Melissa O’Malley begins each day with prayer and continues it with 12-step meetings and recovery groups at The Grapevine on Chapman Street and The RECOVER Project at the corner of Federal and Osgood streets in Greenfield.

Recovery is what she does. Keeping her family intact after twice losing and winning back her children is a big part of the reason for that.

O’Malley, 40, was living on the Cape when she began her descent into addiction, beginning with a prescription for opioid painkillers to treat back pain from a bad fall in 1994. Her addiction escalated until she began injecting heroin, and she finally found herself facing a superior court indictment and 10 to 15 years in prison.

In jail awaiting trial, the court allowed her to enter a residential treatment program. After a period of sobriety she returned to court and heard the charges against her with a clear head.

After months of sobriety, hearing about the home invasion some drug acquaintances had committed after borrowing her car, how she had dealt crack and powder cocaine, heroin and pills, and about drug deals she had made with her young son in the car was all too much.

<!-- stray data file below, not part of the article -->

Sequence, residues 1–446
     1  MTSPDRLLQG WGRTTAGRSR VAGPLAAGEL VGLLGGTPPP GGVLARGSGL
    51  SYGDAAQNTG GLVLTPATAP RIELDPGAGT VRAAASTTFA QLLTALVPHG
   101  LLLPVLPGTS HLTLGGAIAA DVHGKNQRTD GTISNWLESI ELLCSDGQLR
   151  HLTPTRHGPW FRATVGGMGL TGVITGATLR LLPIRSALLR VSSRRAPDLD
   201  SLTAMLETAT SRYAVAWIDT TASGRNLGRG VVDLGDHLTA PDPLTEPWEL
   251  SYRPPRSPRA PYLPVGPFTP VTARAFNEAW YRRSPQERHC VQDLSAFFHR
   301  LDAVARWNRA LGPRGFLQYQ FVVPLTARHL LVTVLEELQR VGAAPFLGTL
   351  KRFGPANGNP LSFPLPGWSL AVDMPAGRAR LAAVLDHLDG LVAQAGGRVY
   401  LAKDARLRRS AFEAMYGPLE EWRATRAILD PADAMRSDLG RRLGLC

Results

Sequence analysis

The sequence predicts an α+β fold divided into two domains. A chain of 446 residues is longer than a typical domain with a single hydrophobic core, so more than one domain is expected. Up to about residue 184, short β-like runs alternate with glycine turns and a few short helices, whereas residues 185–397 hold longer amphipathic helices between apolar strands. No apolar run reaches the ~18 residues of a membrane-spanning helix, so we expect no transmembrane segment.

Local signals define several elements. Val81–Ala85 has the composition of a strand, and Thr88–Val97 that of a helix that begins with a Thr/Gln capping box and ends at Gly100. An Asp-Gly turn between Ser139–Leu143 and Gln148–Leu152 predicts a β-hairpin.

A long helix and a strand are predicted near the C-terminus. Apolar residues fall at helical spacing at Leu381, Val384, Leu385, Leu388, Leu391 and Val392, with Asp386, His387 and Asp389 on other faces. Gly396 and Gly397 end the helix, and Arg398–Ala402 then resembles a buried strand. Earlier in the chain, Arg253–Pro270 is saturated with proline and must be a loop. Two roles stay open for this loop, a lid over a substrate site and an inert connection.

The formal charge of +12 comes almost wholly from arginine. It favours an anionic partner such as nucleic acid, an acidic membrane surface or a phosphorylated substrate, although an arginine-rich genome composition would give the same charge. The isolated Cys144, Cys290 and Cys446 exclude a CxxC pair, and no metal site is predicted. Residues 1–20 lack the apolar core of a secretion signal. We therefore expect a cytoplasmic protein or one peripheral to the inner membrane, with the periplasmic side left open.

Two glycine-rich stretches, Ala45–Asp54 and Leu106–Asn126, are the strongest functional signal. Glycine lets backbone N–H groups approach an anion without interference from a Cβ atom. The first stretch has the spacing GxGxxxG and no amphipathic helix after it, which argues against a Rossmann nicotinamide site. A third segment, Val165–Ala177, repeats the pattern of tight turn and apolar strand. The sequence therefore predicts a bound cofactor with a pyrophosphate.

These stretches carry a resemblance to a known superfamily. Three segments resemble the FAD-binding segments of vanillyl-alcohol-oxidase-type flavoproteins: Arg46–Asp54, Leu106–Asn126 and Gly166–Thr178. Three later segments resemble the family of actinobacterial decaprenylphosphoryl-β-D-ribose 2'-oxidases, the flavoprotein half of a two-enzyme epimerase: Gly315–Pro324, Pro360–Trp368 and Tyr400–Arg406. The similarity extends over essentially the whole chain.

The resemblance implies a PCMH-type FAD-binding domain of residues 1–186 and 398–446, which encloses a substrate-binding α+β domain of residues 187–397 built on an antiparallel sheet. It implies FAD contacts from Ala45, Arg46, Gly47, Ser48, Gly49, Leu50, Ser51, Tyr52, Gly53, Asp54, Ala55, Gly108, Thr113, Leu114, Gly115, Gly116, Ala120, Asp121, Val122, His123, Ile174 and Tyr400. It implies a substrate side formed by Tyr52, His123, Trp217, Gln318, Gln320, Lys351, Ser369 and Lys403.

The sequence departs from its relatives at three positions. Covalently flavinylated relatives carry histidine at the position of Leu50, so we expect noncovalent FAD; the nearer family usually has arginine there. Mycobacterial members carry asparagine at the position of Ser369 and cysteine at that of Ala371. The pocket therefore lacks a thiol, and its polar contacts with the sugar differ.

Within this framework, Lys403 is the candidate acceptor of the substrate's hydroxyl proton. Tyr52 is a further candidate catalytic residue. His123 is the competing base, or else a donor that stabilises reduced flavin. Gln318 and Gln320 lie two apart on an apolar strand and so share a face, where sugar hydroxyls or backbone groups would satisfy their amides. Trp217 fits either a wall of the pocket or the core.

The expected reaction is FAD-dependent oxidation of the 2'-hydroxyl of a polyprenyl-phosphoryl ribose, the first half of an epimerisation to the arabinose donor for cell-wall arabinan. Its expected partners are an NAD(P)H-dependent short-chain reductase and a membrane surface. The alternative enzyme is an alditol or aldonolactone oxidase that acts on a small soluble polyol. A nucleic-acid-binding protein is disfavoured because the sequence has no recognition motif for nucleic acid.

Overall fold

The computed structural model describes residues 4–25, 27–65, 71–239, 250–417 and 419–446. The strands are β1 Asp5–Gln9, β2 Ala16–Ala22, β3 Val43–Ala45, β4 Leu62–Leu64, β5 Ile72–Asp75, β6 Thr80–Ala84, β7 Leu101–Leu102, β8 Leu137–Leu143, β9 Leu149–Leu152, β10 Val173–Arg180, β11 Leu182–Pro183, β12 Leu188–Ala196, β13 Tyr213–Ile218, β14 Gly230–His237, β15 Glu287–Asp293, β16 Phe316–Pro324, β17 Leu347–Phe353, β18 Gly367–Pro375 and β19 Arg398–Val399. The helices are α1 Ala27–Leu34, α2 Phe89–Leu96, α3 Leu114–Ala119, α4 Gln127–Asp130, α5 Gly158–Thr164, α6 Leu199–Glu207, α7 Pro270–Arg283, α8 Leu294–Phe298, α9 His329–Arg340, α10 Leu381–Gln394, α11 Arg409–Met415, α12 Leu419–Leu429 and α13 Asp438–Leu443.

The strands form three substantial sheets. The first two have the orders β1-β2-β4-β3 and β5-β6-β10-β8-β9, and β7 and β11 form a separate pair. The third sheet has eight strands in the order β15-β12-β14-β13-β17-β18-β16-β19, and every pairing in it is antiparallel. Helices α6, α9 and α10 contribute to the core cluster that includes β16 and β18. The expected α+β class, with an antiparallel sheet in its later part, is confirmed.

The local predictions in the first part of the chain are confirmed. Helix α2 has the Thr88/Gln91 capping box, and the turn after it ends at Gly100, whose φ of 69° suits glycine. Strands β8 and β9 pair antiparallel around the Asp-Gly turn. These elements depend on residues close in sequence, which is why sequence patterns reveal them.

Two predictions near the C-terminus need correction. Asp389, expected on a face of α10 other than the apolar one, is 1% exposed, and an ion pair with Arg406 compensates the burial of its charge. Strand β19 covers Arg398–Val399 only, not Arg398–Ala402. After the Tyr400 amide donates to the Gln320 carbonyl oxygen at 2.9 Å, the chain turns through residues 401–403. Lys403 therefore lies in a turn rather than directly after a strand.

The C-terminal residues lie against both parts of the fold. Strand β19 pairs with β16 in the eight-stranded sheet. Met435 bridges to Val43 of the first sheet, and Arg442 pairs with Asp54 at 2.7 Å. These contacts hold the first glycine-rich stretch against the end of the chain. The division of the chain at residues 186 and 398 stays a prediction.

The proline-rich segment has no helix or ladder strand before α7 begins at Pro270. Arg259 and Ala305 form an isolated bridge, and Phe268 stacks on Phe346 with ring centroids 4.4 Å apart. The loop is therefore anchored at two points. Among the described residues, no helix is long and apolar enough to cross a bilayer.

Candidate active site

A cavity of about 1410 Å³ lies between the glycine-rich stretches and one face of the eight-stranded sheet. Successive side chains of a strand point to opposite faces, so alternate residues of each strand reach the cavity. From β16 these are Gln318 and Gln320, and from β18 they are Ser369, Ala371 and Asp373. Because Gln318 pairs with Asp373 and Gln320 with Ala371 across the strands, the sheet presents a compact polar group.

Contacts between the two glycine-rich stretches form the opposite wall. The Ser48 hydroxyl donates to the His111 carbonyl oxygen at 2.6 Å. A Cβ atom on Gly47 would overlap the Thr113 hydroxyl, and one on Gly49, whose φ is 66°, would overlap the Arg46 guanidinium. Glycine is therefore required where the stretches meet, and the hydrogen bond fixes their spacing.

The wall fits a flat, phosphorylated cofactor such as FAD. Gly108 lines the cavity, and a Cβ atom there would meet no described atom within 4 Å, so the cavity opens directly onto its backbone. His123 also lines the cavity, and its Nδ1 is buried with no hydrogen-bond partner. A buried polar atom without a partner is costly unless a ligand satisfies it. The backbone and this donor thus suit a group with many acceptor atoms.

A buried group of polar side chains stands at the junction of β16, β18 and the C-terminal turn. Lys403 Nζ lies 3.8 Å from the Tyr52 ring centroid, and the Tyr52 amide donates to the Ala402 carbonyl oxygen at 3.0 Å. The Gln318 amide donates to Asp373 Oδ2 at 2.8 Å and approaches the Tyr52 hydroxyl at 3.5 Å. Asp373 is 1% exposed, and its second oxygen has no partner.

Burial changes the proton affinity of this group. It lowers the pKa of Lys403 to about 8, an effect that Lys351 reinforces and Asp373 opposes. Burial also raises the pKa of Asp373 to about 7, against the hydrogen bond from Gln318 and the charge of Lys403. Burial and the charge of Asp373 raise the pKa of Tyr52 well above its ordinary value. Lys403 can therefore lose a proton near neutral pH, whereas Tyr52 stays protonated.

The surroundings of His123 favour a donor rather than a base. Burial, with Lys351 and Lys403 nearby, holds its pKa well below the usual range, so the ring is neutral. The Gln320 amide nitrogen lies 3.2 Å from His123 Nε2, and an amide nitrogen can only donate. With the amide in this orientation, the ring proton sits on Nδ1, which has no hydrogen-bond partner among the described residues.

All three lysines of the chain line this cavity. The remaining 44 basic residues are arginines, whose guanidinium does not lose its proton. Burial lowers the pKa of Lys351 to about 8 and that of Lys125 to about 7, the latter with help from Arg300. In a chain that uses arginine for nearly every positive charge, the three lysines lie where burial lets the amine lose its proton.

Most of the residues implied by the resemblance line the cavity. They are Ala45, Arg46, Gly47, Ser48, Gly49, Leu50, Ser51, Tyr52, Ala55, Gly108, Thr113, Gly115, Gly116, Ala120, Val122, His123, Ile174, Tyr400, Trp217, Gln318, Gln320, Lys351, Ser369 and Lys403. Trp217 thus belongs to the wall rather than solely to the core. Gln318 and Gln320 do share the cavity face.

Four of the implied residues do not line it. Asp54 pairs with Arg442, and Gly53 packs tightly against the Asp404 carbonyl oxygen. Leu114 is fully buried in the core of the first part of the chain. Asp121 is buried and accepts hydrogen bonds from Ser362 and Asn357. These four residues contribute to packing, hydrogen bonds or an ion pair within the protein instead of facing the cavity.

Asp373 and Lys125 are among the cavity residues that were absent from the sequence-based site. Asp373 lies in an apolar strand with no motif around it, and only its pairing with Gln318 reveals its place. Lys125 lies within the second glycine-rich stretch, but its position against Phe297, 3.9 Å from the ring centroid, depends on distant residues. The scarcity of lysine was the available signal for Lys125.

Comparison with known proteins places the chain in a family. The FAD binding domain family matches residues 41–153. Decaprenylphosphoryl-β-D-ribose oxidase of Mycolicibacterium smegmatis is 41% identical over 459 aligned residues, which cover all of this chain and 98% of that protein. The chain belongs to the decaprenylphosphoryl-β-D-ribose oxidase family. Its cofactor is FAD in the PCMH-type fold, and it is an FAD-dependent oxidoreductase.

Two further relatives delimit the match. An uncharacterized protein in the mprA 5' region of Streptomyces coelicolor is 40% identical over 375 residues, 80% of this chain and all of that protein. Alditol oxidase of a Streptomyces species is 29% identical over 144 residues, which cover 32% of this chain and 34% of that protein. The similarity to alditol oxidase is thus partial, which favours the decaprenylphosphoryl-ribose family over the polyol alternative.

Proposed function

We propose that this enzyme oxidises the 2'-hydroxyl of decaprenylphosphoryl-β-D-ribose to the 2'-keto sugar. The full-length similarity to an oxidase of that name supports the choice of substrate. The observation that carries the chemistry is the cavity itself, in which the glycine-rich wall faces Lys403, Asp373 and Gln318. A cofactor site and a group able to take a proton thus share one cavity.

“It was horrible. I couldn’t recognize that person they were talking about, and I had a mental breakdown. They had to stop court,” she said.

“Really, for the first time the fog had lifted.”

Jail time, recovery time

O’Malley found sobriety in jail, began recovery to avoid prison and stayed sober because she has something bigger than herself: her children. She says she knows and has the utmost respect for people who are able to get sober for themselves, but doesn’t know if she could have done it.

After a long spell in residential recovery programs, O’Malley did what many recommend, and left town for good. She moved to Greenfield, where she concentrates on her recovery, parenting and volunteering full-time.

It took two years, but she and her husband have custody of their children again.

Recovery does get easier. She no longer obsesses over the memory of getting high.

“This is the Alcoholics Anonymous book that tells me the obsession can and will be lifted,” O’Malley said, indicating a marked and dog-eared volume.